Population(s) Served
Health
Adults
Social and economic status
Family relationships
Work status and occupations

211 San Diego is the region’s 24-hour non-emergency information line. During or following a disaster, including public health emergencies, people may call 2-1-1 for critical information, such as road closures, evacuation routes, food assistance programs, shelters, testing/vaccination centers, and more.

Population(s) Served
Social and economic status
Adults
Family relationships
Health
Work status and occupations

Social factors significantly impact health outcomes and medical and other costs. 211 San Diego developed the Community Information Exchange (CIE), an ecosystem utilizing a cloud-based platform and a growing network of 100+ multidisciplinary service providers that securely share data to create a better experience for those seeking to address social and health-related needs. Clients who consent to share their information in the CIE may revoke their consent at any time.

The CIE uses a shared language, interoperable technology, integrated data from multiple sources, bi-directional referrals, and a longitudinal client record to deliver enhanced community care planning that promotes a proactive, holistic, person-centered system of care. This person-centered model collects shared outcome measurements that can inform innovative solutions through policy and systems change, and it has been replicated across the country. Communities exchange best practices at the annual CIE Summit.

Population(s) Served
Adults
Adults
Family relationships
Health
Social and economic status
Work status and occupations

Where we work

Accreditations

Alliance of Information and Referral Systems (AIRS) - 5 Year Accreditation 2019

Awards

Women Who Mean Business 2020

San Diego Business Journal

Women Who Mean Business 2016

San Diego Business Journal

Live Well Public Health Champion 2021

San Diego County

Affiliations & memberships

Alliance for Information and Referral Systems 2021

United Way Worldwide 2021

211 California 2021

Our results

SOURCE: Self-reported by organization

How does this organization measure their results? It's a hard question but an important one.

Number of clients served

This metric is no longer tracked.
Totals By Year
Population(s) Served

Economically disadvantaged people

Related Program

211 Information & Referral Services

Type of Metric

Output - describing our activities and reach

Direction of Success

Holding steady

Context Notes

In 2017, we launched a new technology platform that reduced duplicated anonymous records. In 2020, we did not create records for every caller. Demand was too high to slow down with 1 million+ calls.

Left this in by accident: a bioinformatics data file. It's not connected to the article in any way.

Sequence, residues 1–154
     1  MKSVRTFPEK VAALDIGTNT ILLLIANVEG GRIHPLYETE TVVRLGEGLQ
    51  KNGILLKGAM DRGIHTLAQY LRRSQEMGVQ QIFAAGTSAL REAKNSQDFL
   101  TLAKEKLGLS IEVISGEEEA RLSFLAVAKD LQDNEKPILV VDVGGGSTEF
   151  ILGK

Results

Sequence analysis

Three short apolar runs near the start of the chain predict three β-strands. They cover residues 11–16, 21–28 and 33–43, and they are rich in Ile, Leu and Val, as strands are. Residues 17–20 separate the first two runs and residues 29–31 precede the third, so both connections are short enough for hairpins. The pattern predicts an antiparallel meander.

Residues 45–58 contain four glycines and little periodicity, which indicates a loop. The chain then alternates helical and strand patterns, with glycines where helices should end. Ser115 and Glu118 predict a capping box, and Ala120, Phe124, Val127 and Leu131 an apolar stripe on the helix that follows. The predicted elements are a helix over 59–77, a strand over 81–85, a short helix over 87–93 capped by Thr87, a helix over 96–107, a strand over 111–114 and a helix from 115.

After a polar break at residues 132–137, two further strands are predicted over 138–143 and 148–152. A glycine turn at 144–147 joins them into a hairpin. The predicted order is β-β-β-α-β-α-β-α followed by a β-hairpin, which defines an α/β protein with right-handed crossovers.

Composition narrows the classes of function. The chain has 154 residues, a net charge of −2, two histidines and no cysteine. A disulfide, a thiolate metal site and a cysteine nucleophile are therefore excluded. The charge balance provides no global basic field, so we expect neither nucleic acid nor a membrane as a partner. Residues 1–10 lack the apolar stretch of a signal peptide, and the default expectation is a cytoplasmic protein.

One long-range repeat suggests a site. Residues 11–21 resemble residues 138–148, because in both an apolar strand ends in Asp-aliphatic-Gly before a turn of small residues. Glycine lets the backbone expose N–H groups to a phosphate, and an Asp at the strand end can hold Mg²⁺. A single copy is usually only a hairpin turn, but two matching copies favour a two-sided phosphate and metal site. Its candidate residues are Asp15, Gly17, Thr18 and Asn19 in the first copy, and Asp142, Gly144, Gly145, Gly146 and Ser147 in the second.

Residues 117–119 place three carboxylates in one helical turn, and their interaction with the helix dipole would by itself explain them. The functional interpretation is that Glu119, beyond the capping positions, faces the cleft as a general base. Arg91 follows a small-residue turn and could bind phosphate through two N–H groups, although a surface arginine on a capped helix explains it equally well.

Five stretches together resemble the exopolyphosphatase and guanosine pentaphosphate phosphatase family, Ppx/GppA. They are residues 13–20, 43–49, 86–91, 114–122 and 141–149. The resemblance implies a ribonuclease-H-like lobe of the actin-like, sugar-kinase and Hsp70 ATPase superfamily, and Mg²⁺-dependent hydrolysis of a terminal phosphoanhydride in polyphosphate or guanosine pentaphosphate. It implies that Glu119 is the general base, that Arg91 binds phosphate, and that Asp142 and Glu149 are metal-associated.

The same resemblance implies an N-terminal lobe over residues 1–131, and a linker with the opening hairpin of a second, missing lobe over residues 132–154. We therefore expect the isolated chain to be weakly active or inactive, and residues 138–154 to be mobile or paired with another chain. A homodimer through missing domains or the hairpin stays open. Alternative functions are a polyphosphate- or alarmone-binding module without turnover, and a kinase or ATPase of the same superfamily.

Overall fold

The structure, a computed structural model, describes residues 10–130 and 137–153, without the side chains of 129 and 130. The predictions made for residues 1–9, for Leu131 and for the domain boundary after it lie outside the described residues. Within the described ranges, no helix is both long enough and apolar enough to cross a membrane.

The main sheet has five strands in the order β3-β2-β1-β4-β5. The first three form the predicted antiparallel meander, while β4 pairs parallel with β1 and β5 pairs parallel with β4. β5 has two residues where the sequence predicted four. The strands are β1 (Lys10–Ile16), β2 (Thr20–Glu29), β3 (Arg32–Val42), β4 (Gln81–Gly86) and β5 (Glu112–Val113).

Our Sustainable Development Goals

SOURCE: Self-reported by organization

Learn more about Sustainable Development Goals.

How we listen

SOURCE: Self-reported by organization

Seeking feedback from people served makes programs more responsive and effective. Here’s how this organization is listening.

done We demonstrated a willingness to learn more by reviewing resources about feedback practice.
done We shared information about our current feedback practices.
  • How is your organization using feedback from the people you serve?

    To identify and remedy poor client service experiences, To identify bright spots and enhance positive service experiences, To make fundamental changes to our programs and/or operations, To inform the development of new programs/projects, To identify where we are less inclusive or equitable across demographic groups, To strengthen relationships with the people we serve, To share feedback with the broader system of care to remove access barriers, To understand people's needs and how we can help them achieve their goals

  • Which of the following feedback practices does your organization routinely carry out?

    We collect feedback from the people we serve at least annually, We take steps to get feedback from marginalized or under-represented people, We aim to collect feedback from as many people we serve as possible, We take steps to ensure people feel comfortable being honest with us, We look for patterns in feedback based on demographics (e.g., race, age, gender, etc.), We look for patterns in feedback based on people’s interactions with us (e.g., site, frequency of service, etc.), We engage the people who provide feedback in looking for ways we can improve in response, We act on the feedback we receive

  • What challenges does the organization face when collecting feedback?